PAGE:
A raft of tax changes is set to impact on employers and employees from April 2013.
Last month, after a media outcry, Goldman Sachs decided not to defer staff bonuses from 2009, 2010 and 2011 to make the most of higher-rate income tax being reduced from 50% to 45% in April.
But, on 21 January, insurance broker Aon said that it had offered senior staff this option and that 250 employees, 4% of its UK workforce, would receive their 2012 bonuses after 6 April, rather than in March, to take advantage of the tax change.
Although it is perfectly legal for employers to do this, it could have a negative effect on the reputation of larger organisations, said Mike Truman, editor of Taxation magazine.
Real-time information (RTI) reporting will also begin in April, when employers will have to make pay-as-you-earn (PAYE) information submissions to HM Revenue and Customs (HMRC) on or before the time payment is due to employees.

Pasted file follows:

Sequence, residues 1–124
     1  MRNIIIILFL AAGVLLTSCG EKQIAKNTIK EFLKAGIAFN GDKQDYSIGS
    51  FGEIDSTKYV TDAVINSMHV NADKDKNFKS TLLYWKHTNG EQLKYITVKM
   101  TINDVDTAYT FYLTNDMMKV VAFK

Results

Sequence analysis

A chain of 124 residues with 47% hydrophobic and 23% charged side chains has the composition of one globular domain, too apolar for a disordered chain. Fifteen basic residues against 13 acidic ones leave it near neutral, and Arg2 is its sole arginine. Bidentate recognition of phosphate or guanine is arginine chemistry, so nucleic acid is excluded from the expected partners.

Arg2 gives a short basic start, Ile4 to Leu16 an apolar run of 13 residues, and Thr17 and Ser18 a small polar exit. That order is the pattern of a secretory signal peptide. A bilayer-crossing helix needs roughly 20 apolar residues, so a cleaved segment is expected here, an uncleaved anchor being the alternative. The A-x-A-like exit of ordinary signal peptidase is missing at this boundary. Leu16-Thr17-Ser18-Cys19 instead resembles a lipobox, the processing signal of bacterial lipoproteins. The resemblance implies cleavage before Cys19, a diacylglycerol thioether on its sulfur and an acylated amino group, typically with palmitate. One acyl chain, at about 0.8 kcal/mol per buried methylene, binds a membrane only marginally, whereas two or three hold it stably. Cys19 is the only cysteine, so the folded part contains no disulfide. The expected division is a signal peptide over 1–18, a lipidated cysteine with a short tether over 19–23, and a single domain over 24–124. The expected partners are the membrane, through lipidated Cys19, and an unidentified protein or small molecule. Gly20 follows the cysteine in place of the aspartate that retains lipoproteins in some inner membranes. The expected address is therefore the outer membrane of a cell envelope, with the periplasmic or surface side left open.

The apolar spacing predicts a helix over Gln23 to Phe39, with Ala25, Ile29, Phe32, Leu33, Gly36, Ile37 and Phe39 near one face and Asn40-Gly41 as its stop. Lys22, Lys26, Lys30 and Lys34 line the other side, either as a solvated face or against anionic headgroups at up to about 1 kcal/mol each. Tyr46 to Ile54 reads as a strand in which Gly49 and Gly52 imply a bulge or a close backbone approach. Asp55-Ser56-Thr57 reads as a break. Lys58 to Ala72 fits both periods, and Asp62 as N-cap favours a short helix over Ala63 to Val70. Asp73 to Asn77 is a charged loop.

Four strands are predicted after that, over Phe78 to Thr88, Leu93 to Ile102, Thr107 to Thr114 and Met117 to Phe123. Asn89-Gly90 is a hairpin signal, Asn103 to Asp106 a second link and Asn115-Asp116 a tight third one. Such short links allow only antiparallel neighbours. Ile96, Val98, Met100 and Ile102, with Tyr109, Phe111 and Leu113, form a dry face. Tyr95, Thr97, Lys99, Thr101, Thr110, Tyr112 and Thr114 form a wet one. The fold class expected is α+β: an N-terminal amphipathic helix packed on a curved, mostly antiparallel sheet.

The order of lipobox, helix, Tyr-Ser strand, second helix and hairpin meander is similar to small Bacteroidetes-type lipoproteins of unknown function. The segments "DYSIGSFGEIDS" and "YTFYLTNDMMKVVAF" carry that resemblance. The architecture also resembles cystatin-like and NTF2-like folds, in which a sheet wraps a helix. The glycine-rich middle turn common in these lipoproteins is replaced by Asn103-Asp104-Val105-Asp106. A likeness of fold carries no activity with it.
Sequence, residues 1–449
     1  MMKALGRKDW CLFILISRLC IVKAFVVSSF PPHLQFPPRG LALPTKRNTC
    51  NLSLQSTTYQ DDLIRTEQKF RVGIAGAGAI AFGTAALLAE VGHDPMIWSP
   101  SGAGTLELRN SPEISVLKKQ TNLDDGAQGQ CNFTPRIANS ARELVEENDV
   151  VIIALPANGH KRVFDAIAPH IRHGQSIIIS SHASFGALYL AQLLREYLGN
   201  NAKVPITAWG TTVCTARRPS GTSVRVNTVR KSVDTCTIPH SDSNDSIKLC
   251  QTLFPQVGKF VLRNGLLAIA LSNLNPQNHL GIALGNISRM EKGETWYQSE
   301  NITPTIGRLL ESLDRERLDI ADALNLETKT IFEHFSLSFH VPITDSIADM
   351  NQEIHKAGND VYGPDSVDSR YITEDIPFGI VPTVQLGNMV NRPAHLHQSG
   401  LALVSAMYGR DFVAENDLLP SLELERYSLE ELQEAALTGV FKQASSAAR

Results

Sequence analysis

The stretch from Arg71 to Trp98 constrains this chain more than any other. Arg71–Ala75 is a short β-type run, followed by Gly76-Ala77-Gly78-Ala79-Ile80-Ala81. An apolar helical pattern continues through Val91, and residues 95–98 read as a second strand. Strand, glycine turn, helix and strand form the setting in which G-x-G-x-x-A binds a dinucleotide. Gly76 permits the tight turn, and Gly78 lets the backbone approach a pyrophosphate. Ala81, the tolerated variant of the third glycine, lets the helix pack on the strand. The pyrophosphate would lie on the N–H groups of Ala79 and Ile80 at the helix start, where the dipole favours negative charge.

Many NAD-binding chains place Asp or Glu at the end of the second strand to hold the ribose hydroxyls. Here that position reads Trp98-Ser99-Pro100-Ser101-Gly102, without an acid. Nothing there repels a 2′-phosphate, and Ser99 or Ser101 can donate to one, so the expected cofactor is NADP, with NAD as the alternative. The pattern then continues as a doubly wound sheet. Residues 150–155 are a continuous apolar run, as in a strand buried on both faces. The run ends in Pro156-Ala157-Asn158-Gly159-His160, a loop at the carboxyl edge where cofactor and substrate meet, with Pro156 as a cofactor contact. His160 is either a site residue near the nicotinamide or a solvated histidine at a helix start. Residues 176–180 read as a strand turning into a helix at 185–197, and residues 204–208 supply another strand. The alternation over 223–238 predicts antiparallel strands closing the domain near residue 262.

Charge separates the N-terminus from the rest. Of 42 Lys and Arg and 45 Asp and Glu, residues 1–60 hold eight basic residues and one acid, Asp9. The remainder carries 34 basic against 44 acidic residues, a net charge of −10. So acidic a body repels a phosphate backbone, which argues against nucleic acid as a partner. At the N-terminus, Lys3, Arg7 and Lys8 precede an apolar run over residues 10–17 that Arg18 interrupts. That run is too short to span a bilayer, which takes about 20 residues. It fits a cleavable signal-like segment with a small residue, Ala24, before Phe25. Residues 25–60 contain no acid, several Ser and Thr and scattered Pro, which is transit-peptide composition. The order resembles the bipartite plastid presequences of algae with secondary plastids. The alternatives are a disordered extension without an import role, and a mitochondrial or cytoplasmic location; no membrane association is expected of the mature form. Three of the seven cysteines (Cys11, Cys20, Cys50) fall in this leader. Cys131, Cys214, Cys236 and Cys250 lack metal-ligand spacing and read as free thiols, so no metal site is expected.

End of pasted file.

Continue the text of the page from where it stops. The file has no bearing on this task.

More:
Lesley Fidler, associate director at Baker Tilly, said employers must ensure they are ready for the changes, especially how they relate to ad-hoc payments such as bonuses and expenses. These will need to be reported to HMRC under RTI but, in some organisations, such payments might be handled by someone outside the accounts department, said Fidler.
Car benefits will also change from April. The percentage of the list price that is subject to company car tax for cars with carbon dioxide emissions of 76g/km to 94g/km will be set at 10%. The rate for cars with emissions between 95g/km and 215g/km will rise in increments of 1% up to a maximum of 35%. The lower threshold at which staff pay the 15% tax rate will be reduced from 120g/km to 115g/km.